Adding and Managing Images in SwiftUI with Xcode's Asset Catalog

In this tutorial, you'll learn how to add images to your Xcode project in SwiftUI. We'll cover how to import images to your Assets.xcassets file, as well as how to use those images in your code. Additionally, we'll go over best practices for image sizing and optimization to ensure your app performs optimally.

Adding Images to Your Xcode Project 

Import images into your project, manage their appearances and variations and load them at runtime.

Create a New Image Set

An image set represents one image that you intend to load at runtime. Each image set contains multiple variations of a single image that you customize to support different device characteristics. 

If you have multiple images in your app, you need to create an image set for each image.

To create an image set, generate an image asset outside of Xcode, then import it into an asset catalog. The system converts the image format into the most appropriate representation when you build the project.

  • In the Project navigator, select an asset catalog: a file with a .xcassets file extension.
  • Drag an image from the Finder to the outline view. A new image set appears in the outline view, and the image asset appears in a well in the detail area.
  • Rename: Double-click the image set name in the outline view to rename the image set with a descriptive name, and press the Return key.

Select Supported Appearances and Variations for Images
By default, Xcode creates each image set with wells for @1x, @2x, and @3x resolutions. If the filename of the image you import ends in @2x or @3x, Xcode automatically places the image into the well with the corresponding resolution. Supply high-resolution images for all images in your app, for all devices your app supports.

In addition to resolution, your image assets might vary based on other device characteristics. Use the Attributes inspector to add, remove, and edit the image variations to include in your image set. You can accomplish this task in an asset catalog or in Interface Builder.

  • In the Project navigator, select the asset catalog.
  • In the outline view, select the image set.
  • In the inspector area, select the Attributes inspector.
  • In the Attributes inspector, add, remove, and edit the device characteristic settings to show additional image wells for the variations you want to customize.

Screenshot of the Attributes inspector with the default Universal option selected.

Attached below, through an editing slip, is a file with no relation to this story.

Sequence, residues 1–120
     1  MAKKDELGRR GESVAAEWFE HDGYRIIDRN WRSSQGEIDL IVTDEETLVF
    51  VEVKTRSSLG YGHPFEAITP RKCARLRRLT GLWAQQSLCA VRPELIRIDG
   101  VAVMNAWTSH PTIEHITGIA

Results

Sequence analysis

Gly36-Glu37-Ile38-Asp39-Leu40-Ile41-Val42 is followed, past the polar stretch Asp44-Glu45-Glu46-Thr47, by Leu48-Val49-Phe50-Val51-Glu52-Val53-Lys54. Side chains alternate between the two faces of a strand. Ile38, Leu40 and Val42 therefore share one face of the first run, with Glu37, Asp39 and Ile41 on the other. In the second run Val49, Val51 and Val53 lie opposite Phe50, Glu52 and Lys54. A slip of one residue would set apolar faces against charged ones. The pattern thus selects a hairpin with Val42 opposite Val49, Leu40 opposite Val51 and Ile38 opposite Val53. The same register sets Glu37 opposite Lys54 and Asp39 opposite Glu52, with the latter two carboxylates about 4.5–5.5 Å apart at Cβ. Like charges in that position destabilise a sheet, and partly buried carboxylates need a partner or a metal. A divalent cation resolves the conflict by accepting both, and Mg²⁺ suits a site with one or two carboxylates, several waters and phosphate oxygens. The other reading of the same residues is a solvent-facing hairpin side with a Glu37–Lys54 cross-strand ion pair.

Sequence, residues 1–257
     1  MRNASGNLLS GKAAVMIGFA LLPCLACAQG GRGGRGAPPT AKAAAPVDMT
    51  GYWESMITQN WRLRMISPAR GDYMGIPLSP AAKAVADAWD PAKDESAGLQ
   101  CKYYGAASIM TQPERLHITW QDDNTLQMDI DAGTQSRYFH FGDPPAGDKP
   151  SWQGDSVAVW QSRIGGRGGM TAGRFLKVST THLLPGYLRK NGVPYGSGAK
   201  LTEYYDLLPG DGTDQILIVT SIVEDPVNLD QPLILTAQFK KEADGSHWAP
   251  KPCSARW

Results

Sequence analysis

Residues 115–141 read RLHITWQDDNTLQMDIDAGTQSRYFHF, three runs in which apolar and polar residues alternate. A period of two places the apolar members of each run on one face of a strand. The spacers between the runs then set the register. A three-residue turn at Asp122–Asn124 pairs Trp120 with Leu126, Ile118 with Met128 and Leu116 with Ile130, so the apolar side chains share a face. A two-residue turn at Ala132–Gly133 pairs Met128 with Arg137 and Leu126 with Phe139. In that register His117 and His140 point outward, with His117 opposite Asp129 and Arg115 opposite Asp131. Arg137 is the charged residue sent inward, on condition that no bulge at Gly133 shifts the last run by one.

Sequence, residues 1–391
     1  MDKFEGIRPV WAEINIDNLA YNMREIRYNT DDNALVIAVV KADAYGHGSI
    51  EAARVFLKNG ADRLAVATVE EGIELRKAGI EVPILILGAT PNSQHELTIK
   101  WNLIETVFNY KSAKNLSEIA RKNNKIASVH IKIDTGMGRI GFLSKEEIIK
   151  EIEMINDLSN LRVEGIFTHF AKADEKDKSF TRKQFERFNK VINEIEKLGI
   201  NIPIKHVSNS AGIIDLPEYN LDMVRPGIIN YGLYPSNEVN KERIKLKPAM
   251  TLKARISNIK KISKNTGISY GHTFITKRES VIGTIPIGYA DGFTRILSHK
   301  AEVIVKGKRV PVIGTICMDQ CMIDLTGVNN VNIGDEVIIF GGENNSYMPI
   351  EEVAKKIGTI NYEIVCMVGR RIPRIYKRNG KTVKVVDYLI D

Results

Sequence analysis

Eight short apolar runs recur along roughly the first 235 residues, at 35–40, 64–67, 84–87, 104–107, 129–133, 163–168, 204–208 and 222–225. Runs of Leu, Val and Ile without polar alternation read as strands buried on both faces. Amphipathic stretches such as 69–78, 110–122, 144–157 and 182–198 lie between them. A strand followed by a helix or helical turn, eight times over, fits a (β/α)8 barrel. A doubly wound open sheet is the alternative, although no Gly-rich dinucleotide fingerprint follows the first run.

For more information about image size and resolution, see Image Size and Resolution in the Human Interface Guidelines.

Drag Images to the Variant Wells
After you select the desired characteristic settings for your image set, provide image variations by dragging additional images into the corresponding wells in the image set.

  • In the Project navigator, select the asset catalog.
  • In the outline view, select the image set.
  • In the Finder, drag other variations of the image to the wells in the detail area that match their resolutions or other characteristics.

Load the Image Asset from Your Code
To use the image from the code, initialize an image with the name of the image set. Don’t include the file extension.

// SwiftUI
let image = Image("ImageName")


There are four types of images that are common in iOS. JPG is great for photos that are in full size and require no transparency. For best optimizations, it is recommended to generate 1x, 2x, and 3x.


If you need transparency in your image, use the PNG. It can move on top of any background. Depending on the number of colors that you have in your image, you may have a very large file size. Just like the JPG, you'll need to export at 1x, 2x, and 3x from the design tool.


The PDF is great for glyphs and vectors that are infinitely scalable. They remain sharp regardless of the resolution. This is the preferred way since you only need a single image asset at 1x. iOS will take the scalable vector and generate the appropriate resolutions for you.

Custom Image Asset


SF Symbols

You can also use icons from the SF Symbols library using the Image view. Without having to import anything, you have access to 2,400+ icons in different size, stroke width and colors.

Image(systemName: "xmark")